Krissy Key from Greenville Martial Arts Center about keeping kids active after school. We talk about how to choose an activity that your kids will actually like and some of the pro’s and con’s to after school activities.
(Transcript has been cleaned up for clarity.)
Anja: Please give a warm welcome to Krissy Key, owner and operator of Greenville Martial Art Center on Roper Mountain Road and Feaster Road, right down the corner near Bucky’s BBQ. Welcome, Krissy, and thanks for joining us at 864Living!
Krissy: Thanks for having me, Anja! I’m so excited to be here!
Anja: Krissy, how long have you been in the Upstate?
Krissy: I have been… I was born and raised, went to Clemson University for college, came back, and I’m living and working in Simpsonville.
Anja: Awesome! So how did you first get into martial arts?
Krissy: I started in college as a senior. I did a little bit of Taekwondo in my freshman year and then in my senior year my friend says, “Hey, let’s go do this Hapkido thing,” and we never looked back.
Anja: How did you pick Hapkido?
Krissy: At the time Clemson had a student flyer, and it was just different from your Taekwondo’s or your Karate’s. Went to class; tried out a class. It was different, and we were learning practical self-defense, not so much hard punches and kicks, but using the opponent’s motion against themselves, but overall it was very fun and very interesting, something that we stuck with.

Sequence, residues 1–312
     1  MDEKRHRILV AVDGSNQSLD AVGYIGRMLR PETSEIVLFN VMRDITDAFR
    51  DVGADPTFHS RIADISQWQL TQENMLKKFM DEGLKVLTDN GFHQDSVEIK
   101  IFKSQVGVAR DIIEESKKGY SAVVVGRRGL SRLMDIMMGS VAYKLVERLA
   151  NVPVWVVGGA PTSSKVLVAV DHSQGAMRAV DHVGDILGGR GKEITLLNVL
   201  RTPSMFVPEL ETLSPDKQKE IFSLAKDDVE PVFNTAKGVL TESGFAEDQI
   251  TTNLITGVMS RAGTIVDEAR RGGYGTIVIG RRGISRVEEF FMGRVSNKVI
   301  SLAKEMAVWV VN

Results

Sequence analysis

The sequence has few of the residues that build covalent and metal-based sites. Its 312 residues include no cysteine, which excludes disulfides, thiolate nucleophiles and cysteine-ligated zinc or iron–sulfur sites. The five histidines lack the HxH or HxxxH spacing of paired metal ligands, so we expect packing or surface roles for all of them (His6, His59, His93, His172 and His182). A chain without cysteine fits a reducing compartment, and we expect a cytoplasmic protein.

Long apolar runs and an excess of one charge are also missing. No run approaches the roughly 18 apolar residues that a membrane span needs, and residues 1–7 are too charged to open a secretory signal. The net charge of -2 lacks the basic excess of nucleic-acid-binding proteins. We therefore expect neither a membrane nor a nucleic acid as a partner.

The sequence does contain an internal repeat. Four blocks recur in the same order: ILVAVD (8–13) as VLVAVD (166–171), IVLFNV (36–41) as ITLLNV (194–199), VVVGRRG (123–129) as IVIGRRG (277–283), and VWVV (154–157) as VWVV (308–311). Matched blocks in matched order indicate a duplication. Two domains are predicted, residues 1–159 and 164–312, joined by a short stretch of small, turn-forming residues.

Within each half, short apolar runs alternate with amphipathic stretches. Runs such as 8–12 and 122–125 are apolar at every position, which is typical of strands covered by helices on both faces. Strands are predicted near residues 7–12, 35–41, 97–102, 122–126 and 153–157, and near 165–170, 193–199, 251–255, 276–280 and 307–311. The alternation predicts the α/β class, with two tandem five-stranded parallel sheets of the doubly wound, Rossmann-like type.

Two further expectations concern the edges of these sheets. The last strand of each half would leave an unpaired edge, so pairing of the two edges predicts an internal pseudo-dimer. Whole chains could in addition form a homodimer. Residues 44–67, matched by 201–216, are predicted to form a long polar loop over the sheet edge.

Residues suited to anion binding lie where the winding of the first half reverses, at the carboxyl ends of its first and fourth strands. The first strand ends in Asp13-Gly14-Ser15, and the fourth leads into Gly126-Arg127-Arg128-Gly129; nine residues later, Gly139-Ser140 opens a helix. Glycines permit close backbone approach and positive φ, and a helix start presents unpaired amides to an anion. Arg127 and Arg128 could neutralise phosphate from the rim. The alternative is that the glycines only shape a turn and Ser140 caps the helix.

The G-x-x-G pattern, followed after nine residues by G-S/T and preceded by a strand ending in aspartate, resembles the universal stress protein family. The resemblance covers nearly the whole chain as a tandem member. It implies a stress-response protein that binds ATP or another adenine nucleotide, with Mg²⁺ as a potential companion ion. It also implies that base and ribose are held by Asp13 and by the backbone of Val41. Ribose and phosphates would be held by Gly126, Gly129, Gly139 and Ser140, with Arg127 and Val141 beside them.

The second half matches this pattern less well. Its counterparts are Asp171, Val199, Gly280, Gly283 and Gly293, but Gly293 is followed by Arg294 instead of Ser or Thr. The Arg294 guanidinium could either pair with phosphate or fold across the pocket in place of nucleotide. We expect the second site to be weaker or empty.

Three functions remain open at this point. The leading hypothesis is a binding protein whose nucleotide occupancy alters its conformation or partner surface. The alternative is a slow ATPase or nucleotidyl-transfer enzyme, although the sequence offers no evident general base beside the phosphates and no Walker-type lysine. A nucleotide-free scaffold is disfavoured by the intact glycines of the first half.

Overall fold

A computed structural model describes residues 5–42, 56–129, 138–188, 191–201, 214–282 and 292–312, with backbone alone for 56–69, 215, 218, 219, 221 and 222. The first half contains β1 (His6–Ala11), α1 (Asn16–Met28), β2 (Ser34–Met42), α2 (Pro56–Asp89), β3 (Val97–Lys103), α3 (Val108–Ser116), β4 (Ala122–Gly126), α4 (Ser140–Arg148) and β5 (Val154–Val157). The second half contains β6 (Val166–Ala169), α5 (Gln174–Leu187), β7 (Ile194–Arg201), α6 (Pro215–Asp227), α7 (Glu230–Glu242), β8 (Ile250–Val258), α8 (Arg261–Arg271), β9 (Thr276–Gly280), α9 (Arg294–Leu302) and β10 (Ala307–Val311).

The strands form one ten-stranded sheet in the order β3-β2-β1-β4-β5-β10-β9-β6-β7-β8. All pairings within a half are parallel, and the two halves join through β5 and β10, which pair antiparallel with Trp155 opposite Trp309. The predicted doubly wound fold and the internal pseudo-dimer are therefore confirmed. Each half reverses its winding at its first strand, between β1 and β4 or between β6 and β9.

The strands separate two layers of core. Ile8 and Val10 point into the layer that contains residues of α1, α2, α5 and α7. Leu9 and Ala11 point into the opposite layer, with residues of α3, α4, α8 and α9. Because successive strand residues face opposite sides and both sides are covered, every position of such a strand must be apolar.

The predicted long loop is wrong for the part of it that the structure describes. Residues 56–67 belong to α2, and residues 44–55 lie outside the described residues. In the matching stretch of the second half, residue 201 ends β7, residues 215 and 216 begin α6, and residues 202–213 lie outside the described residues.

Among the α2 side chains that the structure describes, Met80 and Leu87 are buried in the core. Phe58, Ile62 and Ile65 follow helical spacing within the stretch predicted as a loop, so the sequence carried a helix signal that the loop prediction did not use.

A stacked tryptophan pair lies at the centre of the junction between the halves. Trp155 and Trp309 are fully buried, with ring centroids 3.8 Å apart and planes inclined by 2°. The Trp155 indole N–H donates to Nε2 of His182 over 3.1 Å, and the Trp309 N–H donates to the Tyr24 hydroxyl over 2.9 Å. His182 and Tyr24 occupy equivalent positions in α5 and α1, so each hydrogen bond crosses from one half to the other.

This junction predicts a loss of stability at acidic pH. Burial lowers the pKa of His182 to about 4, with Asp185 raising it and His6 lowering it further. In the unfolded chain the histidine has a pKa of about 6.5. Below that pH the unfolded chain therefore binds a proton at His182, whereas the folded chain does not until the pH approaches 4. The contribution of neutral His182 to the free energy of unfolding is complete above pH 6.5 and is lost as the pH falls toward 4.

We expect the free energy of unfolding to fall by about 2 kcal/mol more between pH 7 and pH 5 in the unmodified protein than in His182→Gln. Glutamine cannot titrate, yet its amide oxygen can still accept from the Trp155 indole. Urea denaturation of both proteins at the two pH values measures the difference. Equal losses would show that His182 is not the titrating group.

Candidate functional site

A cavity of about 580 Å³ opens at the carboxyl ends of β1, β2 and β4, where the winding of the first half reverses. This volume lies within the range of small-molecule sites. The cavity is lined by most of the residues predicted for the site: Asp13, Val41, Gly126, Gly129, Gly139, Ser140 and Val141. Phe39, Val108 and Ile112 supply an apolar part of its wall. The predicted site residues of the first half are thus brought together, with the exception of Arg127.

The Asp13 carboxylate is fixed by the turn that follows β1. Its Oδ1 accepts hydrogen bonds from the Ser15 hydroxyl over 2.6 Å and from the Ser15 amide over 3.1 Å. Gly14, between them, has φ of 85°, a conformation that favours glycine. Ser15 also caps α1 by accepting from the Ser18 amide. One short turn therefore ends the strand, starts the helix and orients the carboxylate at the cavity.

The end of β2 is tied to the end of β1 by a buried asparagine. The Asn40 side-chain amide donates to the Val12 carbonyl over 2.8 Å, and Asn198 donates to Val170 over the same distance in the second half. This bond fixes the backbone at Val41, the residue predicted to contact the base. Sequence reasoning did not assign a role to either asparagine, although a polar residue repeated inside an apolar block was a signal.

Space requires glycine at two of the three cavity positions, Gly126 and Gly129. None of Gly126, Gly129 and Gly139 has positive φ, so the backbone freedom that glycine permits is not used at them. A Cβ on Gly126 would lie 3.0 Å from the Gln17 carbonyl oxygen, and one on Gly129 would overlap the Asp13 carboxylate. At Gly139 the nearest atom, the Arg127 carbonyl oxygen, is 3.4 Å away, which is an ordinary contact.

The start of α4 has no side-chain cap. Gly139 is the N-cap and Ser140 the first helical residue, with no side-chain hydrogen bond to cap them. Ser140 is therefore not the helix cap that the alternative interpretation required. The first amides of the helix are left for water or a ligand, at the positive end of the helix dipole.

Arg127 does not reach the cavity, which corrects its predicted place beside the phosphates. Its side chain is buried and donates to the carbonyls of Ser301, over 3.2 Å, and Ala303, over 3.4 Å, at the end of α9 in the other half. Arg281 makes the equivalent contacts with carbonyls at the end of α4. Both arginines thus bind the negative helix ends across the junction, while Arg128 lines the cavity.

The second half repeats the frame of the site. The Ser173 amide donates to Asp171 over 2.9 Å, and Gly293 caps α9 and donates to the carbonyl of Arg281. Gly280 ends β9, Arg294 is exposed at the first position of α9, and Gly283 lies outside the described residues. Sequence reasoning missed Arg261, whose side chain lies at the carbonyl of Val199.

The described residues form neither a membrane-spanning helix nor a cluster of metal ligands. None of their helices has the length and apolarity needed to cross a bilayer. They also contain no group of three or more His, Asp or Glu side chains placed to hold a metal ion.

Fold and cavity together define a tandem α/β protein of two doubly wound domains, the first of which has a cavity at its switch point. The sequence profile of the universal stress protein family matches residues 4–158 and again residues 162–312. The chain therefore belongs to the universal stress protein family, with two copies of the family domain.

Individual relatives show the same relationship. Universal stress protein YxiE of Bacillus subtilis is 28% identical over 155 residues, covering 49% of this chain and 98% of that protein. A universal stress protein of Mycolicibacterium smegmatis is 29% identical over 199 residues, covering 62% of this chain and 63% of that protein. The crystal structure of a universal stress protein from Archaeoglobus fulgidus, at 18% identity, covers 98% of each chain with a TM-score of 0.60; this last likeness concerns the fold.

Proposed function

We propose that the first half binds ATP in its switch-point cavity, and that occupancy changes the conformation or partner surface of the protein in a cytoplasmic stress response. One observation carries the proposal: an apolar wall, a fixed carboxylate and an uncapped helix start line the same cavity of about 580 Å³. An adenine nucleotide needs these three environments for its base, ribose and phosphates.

Anja: In round numbers, how long does that put you having done Hapkido? How many years in are you?
Krissy: We’ve been teaching and practicing for 13 years.
Anja: All right, that’s a pretty solid amount of time. So what belt does that put you at?
Krissy: Right now we’re currently second degree black belt, but we have tested for third degree. It takes about four to five years on average to accomplish the next level.
Anja: So you’re saying we. Is this the business partner? Who’s we?
Krissy: Right. So, a friend at the time, but now my husband, Chris. We started Hapkido together and have progressed, have maintained the same rank, and now we do Greenville Martial Art Center together.
Anja: I understand your school teaches both Hapkido and Taekwondo at this point. You want to talk a little bit about the differences between those two martial arts?
Krissy: Sure. They’re both traditional Korean martial arts. Our Taekwondo classes are going to be a little bit more heavy on the striking, very excellent for fitness, excellent for kids, excellent just to plan attention. Hapkido is all of those things also, but we will also focus more on practical self-defense. I’m walking down the street; someone looks a little shady. I get away; I put him on the ground. I get away; no one’s injured. I escape from danger.
Anja: Have you ever had to use your Hapkido out in the real world?
Krissy: So far I’ve not and that’s typical of martial artists. They carry an air of confidence.
Anja: So it’s really about being able to recognize these dangerous situations, and maybe avoid them to begin with, than, you know…
Anja: … going up and being the tuff guy and saying, “Don’t mess with me! I’m a black belt!”
Krissy: That’s right.
Anja: So you have two kids of your own.
Anja: Are they taking part in martial arts yet?